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Separate Lies

Genre: Drama
Rated: R
Directed by
: JULIAN FELLOWES
Starring:
TOM WILKINSON, EMILY WATSON, RUPERT EVERETT, LINDA BASSETT, HERMIONE NORRIS, DAVID HAREWOOD
Released by: Fox Searchlight Pictures

In Short: Julian Fellowes' adaptation of Nigel Balchin's novel A Way Through the Wood is a moving and surprisingly funny drama about a married couple whose lives are forever changed after one of them reveals a terrible secret.

Sex, Lies and Cricket Matches
Four Separate Lives, One Big Lie
By Veronica Marian

From the startling opening scene until the very end of the film, "Separate Lies" is a pure delight. The movie is a touching and surprisingly funny drama written and directed by Julian Fellowes, whose previous writing credits include "Gosford Park" (for which he won the Academy Award) and "Vanity Fair," and whose acting career has spanned over three decades. Fellowes makes his directorial debut with this moving film, exploring the complex nuances of secrecy, betrayal and above all, forgiveness.

Tom Wilkinson's versatility as an actor is once more confirmed, although his performances in "Normal," "In the Bedroom," "Batman Begins" and "The Exorcism of Emily Rose" had already proven the wide range of his talent. In "Separate Lies," Wilkinson plays James Manning, a successful London solicitor who we first come to know as a self-involved, patronizing husband to the much younger, more vivacious Anne, portrayed flawlessly by the doe-eyed Emily Watson. The couple's marriage, although not unloving, seems mainly restricted to a long-established routine of approval-seeking, with James continually making Anne feel like a clumsy child. When the rakish aristocrat William Bule (Rupert Everett) joins the idyllic country community where the couple often weekend, James and Anne's relationship is tested, as are the couple's morals after Anne reveals a terrible secret.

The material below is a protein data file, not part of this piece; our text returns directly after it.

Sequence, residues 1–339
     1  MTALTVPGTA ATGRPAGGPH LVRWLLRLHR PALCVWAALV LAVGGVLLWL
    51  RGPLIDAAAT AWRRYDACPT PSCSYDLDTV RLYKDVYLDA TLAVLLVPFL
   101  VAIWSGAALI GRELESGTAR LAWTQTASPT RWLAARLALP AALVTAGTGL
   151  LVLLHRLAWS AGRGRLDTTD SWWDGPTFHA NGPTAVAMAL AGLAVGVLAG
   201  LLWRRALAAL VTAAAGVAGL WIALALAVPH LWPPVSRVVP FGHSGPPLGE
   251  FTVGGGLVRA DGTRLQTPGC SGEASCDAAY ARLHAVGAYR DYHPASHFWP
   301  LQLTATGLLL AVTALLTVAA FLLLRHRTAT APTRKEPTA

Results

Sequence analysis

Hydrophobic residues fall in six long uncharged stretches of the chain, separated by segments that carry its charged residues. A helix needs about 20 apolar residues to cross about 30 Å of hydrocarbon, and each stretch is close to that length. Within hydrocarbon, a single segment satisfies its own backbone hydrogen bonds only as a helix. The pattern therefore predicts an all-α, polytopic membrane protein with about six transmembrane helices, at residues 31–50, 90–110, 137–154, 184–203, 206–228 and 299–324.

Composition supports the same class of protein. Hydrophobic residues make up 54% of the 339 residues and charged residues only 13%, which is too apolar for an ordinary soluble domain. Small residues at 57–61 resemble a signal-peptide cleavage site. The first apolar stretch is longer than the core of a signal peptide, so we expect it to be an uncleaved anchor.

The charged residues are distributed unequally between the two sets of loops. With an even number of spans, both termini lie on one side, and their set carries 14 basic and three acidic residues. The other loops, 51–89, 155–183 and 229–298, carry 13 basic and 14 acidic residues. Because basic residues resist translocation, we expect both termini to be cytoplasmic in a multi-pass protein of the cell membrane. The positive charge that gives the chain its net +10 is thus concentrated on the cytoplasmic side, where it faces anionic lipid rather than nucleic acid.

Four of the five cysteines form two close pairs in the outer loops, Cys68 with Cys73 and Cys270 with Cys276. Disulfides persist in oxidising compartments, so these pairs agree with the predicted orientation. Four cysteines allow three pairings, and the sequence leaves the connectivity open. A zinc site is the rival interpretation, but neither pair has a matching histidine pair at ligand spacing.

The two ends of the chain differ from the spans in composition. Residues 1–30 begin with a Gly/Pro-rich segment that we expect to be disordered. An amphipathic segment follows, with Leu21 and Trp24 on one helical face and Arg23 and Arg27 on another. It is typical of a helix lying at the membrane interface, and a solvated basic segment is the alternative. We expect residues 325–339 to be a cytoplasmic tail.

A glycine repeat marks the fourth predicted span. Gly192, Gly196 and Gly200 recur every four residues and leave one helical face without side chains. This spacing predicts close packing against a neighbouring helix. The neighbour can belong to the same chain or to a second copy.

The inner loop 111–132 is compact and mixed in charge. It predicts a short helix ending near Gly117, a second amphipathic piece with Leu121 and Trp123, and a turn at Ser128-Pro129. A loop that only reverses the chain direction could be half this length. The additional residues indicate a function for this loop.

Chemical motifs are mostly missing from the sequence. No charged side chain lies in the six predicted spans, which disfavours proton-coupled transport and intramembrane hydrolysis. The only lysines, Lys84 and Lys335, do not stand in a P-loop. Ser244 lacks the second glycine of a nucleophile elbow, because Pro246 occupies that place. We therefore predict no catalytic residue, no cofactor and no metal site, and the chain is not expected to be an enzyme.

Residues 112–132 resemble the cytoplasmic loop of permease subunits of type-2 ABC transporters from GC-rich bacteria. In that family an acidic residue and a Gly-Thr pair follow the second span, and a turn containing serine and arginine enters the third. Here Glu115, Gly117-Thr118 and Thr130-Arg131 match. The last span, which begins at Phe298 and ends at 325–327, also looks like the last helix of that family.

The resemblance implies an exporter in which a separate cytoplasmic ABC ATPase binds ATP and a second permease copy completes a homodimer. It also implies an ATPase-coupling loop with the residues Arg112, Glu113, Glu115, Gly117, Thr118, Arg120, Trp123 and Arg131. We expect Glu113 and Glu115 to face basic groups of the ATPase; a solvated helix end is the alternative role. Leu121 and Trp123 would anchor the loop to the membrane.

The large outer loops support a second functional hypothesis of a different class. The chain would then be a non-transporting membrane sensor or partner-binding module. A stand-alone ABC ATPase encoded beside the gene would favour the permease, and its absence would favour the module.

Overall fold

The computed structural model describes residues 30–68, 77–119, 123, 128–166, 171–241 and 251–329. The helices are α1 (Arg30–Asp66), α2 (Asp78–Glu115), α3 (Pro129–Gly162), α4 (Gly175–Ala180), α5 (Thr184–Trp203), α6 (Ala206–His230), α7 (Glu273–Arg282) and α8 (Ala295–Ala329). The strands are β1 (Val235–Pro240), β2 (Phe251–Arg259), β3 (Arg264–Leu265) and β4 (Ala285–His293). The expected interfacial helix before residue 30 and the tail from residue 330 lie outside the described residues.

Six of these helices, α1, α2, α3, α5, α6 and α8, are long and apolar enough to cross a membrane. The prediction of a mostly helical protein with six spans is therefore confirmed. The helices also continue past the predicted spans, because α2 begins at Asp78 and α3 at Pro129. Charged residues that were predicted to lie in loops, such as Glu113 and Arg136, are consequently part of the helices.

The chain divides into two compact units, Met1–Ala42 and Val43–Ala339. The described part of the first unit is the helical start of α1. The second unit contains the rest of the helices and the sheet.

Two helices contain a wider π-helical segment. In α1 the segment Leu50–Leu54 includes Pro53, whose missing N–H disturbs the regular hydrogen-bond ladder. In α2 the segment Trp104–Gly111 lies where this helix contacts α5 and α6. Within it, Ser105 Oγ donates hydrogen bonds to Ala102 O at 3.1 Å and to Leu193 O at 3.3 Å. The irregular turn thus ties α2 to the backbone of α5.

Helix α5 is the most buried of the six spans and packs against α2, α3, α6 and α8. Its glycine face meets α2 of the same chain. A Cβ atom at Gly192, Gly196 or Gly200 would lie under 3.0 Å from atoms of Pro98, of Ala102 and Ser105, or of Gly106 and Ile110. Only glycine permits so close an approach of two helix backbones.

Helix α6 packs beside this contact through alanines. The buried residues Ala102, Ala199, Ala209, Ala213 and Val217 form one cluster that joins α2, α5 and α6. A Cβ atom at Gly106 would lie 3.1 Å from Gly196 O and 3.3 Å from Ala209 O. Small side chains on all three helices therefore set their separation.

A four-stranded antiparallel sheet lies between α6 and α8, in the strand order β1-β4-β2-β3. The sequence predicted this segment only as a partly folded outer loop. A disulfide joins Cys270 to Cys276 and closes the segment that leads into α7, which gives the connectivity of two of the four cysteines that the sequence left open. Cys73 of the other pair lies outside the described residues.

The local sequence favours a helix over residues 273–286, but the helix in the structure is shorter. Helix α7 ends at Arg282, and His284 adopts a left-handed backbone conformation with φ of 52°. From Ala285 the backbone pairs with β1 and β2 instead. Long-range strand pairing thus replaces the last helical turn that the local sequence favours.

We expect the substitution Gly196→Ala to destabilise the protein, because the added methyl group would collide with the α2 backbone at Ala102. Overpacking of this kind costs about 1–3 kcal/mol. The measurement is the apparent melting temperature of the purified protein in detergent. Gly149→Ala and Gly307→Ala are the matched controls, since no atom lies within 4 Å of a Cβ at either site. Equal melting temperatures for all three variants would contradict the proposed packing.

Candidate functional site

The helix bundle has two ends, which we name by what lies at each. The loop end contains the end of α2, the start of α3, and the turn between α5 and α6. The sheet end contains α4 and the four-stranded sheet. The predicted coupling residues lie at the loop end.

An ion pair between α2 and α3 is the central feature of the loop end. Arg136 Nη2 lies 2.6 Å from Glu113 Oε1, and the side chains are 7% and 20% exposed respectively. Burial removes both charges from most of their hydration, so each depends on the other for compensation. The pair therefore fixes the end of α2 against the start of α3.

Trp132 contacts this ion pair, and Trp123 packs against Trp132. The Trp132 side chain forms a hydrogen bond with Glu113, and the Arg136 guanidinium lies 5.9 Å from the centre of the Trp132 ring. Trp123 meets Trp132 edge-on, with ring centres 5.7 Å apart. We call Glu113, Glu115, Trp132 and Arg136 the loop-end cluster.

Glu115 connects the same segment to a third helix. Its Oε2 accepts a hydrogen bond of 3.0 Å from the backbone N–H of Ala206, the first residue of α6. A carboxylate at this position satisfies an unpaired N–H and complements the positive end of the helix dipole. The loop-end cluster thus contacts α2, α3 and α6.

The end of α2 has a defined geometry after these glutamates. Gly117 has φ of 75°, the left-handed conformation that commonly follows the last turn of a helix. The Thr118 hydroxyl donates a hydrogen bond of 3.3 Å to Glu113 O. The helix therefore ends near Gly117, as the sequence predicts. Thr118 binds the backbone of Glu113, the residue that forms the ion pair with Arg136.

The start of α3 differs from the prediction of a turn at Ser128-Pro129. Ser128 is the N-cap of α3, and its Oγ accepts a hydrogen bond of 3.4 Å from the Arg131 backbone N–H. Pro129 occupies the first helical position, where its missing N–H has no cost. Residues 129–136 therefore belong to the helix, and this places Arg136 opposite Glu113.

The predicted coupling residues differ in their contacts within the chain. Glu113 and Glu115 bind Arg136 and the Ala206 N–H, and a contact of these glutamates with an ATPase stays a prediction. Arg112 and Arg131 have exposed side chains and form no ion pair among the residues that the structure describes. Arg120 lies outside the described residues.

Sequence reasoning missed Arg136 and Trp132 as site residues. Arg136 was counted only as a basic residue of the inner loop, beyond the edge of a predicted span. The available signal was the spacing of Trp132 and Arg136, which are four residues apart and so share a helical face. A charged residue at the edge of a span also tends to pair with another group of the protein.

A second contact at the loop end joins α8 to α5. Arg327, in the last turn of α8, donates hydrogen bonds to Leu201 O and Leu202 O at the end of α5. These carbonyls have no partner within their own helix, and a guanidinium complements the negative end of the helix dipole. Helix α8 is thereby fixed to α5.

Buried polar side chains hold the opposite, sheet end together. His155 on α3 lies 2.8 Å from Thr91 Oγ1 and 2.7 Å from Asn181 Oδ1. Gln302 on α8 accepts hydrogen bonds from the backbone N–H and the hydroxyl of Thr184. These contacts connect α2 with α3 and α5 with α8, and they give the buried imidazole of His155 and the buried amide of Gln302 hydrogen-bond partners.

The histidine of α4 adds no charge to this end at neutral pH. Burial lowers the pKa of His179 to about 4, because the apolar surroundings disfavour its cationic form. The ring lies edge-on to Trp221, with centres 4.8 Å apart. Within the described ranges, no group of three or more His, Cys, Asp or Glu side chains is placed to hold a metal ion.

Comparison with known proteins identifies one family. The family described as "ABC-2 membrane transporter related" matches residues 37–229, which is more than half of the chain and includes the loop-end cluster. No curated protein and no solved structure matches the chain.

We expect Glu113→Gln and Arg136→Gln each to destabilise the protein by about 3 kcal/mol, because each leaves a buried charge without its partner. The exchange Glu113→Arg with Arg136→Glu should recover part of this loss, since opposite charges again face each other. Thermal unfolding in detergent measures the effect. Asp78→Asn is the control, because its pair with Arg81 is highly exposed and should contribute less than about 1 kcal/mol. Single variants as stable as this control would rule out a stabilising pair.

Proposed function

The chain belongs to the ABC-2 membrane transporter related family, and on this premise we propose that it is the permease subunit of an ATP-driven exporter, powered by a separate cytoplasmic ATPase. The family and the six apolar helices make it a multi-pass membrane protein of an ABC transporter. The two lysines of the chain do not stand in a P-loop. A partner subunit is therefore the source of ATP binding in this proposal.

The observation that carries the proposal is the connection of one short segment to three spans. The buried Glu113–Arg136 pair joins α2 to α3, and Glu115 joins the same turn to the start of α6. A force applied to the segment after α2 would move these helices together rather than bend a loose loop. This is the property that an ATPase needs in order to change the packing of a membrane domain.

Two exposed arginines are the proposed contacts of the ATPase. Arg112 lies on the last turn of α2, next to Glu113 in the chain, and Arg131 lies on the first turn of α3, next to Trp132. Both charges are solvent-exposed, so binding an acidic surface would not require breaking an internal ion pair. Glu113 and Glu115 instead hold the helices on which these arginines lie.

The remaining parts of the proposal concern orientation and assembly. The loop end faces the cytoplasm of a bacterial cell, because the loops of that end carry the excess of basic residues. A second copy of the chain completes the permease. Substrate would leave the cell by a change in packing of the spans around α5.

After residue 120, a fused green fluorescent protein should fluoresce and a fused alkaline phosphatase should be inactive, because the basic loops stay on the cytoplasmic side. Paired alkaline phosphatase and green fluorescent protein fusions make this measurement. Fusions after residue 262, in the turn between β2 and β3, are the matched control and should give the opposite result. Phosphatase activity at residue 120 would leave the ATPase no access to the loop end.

Fellowes’ writing is entirely his own, having borrowed the story's plot from Balchin's novel but not the dialogue. It is delicately understated and at times refreshingly funny. In fact, Everett's character is the only aspect of this film that felt uncomfortable, his performance being so constrained and over-the-top unlikable that even when we are tempted to have a change of heart, we can't fully allow ourselves to care much for him. Meanwhile, the film's greatest success lies in making the morally ambiguous James, Anne and Maggie (Linda Bassett), the couple's cleaning lady and the victim caught in the middle of the ensuing lies, all entirely sympathetic.

Several scenes in the film—particularly when James finds Anne's scarf and when they meet again almost two years later—are bound to move those who have ever realized their own shortcomings in a relationship or whose love was not enough to make someone stay.



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